Of truths we say correctly “Once true, ever after true”. All truth is in that sense inconcussible and exempt from vicissitude. It achieves what Mr. Whitehead calls “objective immortality”, even if the truth be about temporal events that have occurred, and about their temporality. If it be true that X occurred, that truth cannot afterwards be altered.... Truths, therefore, that describe present and past (including truths that describe their temporal relationships) are, because true, timelessly so....

Similar remarks should be made about the eternity of concepts; for concepts themselves are timeless or unchangeable. This applies even to the concept of time or to the concept of change. If by reason of much philosophy we come to alter our conception of time or of change, we may or may not be wise, but the meaning of the statement is that we come to use different concepts to describe these realities or what we suppose to be such. The concepts do not change. We choose different concepts to express what we mean; and the facts may justify us.   —John Laird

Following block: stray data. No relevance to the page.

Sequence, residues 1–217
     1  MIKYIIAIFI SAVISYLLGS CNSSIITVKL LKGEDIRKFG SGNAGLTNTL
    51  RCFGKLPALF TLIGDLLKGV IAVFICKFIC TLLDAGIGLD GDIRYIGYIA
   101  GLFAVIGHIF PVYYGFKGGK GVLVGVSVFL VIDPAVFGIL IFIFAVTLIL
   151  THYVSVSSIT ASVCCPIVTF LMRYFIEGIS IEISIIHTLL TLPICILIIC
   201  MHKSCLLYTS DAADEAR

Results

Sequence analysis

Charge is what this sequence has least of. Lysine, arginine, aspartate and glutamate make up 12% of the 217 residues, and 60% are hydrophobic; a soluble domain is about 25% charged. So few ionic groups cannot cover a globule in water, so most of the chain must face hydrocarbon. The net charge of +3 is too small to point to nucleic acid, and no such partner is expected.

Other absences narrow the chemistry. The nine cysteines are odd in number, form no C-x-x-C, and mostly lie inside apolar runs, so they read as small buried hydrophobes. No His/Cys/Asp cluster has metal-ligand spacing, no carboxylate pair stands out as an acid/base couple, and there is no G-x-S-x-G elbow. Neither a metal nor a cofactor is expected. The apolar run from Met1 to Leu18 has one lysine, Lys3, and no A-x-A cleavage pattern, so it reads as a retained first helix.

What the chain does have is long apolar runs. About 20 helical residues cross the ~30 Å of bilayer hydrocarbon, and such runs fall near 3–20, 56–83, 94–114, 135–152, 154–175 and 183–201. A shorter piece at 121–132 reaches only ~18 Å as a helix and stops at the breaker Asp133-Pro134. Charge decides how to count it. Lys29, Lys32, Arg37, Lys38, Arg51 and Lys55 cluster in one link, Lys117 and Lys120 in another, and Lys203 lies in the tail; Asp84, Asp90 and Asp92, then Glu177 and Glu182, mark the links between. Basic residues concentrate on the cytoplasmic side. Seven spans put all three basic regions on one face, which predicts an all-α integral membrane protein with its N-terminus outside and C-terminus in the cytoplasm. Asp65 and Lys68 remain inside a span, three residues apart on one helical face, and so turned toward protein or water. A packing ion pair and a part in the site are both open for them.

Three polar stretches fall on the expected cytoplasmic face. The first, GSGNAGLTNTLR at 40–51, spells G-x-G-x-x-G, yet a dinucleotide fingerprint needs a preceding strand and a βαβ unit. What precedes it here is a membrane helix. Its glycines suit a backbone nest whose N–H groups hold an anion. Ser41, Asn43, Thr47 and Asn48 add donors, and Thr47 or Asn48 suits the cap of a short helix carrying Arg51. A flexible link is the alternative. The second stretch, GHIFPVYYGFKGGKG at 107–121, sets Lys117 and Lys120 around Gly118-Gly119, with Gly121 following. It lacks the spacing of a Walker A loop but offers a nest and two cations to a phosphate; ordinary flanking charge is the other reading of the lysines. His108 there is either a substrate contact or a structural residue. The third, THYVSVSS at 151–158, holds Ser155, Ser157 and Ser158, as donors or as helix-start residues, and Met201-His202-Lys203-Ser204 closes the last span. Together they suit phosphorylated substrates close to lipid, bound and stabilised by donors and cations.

Middle English, from Middle French, from Late Latin aeternalis, from Latin aeternus eternal, from aevum age, eternity

a : having infinite duration; everlasting
b : characterized by abiding fellowship with God
c : continued without interruption; perpetual

Middle English trewthe, from Old English treowth fidelity; akin to Old English treowe faithful
True: Middle English trewe, from Old English treowe faithful; akin to Old High German gitriuwi faithful, Old Irish derb sure, and probably to Sanskrit daruna hard, daru wood

a : fidelity, constancy
b : sincerity in action, character, and utterance
c : in accordance with the actual state of affairs; in accord with fact
d : conformable to essential reality
e : the body of real things, events, and facts
f: transcendent fundamental or spiritual reality
g : a judgment, proposition, or idea that is factual or accepted as proper
h : fidelity to a standard
i : logically necessary